Governor’s upstate plan skirts Albany area

The Capital Region is not the focus of Gov. Eliot Spitzer’s upstate initiative, according to his ups
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The Capital Region is not the focus of Gov. Eliot Spitzer’s upstate initiative, according to his upstate economic development director, Dan Gundersen.

In a conference call with reporters following Spitzer’s speech in Buffalo, Gundersen said the governor’s main target is “those areas truly in need of major effort and assistance,” which does not include the vicinity of Albany.

Gundersen said, however, that the governor would address one concern of Schenectady County leaders by modifying his brownfields reform plan. Last year, Spitzer proposed scaling back development incentives, which local leaders said could make it harder to clean up and build on underutilized sites such as the former Alco plant in Schenectady. Gundersen said some scaling back of the state’s brownfields program is needed to reduce huge windfalls being earned by developers downstate, but that the administration would be modifying its proposal to retain incentives for worthy upstate projects.

“I thought it was a great speech,” said Schenectady Mayor Brian Stratton, noting that the governor did mention the city, and that Schenectady fits in with the other old industrial cities of upstate in needing state action. Spitzer already has been helpful, the mayor said, in boosting state aid and helping with specific economic development projects such as those involving Bechtel and General Electric Co.

As for brownfields, Stratton said, the Spitzer administration now recognizes that a “one-size-fits-all approach may not be the best fit.”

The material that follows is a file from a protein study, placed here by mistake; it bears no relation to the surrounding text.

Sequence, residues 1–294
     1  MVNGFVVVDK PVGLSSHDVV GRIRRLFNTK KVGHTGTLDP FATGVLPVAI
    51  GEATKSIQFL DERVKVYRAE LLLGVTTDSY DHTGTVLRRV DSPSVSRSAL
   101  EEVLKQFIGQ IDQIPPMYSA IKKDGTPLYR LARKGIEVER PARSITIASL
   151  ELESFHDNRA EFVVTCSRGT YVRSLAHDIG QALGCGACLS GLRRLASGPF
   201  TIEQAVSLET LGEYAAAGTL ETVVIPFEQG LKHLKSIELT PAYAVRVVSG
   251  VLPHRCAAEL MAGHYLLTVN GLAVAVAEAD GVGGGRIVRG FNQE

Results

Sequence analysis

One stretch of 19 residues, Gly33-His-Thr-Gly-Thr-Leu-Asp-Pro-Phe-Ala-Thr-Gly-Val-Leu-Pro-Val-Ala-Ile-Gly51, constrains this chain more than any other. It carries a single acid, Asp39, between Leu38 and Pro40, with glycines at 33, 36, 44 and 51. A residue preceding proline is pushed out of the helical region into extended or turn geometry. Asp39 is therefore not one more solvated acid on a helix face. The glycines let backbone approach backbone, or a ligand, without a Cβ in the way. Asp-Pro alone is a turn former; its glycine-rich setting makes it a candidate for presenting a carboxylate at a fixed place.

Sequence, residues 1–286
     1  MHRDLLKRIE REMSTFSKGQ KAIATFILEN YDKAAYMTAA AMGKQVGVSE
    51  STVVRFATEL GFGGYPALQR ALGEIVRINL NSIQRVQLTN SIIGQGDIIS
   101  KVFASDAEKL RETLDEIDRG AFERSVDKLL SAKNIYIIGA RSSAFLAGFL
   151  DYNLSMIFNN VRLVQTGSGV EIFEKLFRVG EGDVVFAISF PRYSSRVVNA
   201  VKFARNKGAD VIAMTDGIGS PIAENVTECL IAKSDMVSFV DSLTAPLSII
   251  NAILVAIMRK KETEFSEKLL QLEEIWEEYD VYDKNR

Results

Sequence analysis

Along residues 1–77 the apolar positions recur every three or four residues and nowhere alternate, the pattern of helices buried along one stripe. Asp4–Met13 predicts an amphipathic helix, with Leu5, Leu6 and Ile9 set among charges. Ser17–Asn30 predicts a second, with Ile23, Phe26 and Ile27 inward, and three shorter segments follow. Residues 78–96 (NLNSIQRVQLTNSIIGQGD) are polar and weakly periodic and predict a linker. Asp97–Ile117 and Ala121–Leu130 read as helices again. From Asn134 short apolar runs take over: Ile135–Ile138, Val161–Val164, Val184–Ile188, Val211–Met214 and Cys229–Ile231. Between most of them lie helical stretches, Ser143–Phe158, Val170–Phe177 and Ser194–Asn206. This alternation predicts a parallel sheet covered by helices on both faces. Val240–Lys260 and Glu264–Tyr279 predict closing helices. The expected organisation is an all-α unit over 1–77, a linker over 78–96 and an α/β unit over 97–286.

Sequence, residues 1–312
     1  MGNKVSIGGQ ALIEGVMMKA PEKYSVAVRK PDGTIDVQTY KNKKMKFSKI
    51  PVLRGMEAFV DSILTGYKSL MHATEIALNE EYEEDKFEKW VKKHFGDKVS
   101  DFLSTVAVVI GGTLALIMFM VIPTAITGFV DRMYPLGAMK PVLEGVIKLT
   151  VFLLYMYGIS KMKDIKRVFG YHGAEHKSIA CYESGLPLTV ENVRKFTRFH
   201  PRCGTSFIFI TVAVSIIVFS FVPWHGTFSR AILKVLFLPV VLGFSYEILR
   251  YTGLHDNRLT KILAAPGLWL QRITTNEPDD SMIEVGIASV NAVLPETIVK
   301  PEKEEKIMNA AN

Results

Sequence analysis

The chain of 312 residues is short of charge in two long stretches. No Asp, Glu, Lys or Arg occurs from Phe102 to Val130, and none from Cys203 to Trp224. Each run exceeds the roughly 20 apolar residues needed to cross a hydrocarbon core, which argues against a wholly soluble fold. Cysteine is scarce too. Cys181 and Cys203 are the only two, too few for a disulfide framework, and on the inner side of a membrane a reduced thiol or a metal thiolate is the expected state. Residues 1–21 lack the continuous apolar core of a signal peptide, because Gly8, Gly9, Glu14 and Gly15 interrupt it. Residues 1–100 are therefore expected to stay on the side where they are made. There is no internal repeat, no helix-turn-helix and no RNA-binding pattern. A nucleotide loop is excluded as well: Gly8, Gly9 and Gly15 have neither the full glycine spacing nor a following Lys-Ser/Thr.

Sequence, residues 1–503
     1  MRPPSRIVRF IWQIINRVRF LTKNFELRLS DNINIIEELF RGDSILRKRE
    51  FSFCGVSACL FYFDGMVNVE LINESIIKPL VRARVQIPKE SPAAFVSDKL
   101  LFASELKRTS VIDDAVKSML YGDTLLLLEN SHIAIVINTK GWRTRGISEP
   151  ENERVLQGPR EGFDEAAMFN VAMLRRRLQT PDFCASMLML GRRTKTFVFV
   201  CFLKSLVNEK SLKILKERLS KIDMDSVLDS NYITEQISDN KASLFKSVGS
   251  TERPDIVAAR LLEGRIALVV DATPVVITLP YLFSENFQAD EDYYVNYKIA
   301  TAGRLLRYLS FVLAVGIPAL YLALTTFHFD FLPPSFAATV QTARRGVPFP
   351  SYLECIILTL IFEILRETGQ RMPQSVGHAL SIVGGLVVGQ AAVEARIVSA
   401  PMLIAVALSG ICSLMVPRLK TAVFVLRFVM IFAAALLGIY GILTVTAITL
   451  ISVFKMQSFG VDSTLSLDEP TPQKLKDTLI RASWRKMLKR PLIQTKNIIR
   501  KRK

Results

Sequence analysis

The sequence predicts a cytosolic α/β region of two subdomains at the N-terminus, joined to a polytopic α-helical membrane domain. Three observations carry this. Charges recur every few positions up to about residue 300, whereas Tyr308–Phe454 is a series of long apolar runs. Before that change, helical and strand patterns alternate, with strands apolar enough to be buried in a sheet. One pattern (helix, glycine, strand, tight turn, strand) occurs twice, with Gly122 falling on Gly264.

What the rest of upstate New York needs is what has worked in the Capital Region, according to a statement from Senate Majority Leader Joseph Bruno, R-Brunswick.

Responding to Spitzer’s speech, Bruno touted the Senate’s Upstate Now package of one-house bills it passed last year. He said Upstate Now, if enacted, would foster partnerships among business, government and higher education, spurring research and development. And previous initiatives supported by the Senate already have borne fruit, he said.

“These partnerships,” Bruno’s statement said, “which began as a result of the Senate Majority’s Gen*NY*sis [Generating Employment in New York Science] program almost 10 years ago, have resulted in billions of dollars in economic investments and thousands of new jobs, particularly in the Capital Region.

“What we did to strengthen the economy and create jobs in the Capital Region is not a secret. This successful blueprint will work in other areas of upstate New York and I welcome the governor’s support to move it forward.”

Assembly Minority leader James Tedisco, R-Schenectady, praised Spitzer for recognizing the seriousness of upstate’s problems, and proposed a series of tax cuts that he said would help accomplish the governor’s goals. Asked where the state could find the money for that, Tedisco said stimulating the economy would itself generate revenue.

But Tedisco said the state does need to control spending. He said he was waiting for Spitzer’s budget proposal next week to comment on spending, but added that the governor should be asking agency heads to set priorities and trim costs.

Gundersen also was vague about where the money would come from, but said the Empire State Development Corp., of which he is co-chairman, has in the past put too much emphasis on grants, and he aims to do more loans instead.

Chris Koetzle, vice president of the Support Services Alliance, a small business advocacy group, said “We were encouraged by what we saw” in the governor’s speech. The proposed Regional Blueprint Fund could help small businesses get access to the capital they need to compete in the modern economy, Koetzle said, and SSA also has long advocated a focus on the upstate economy.

Categories: Schenectady County

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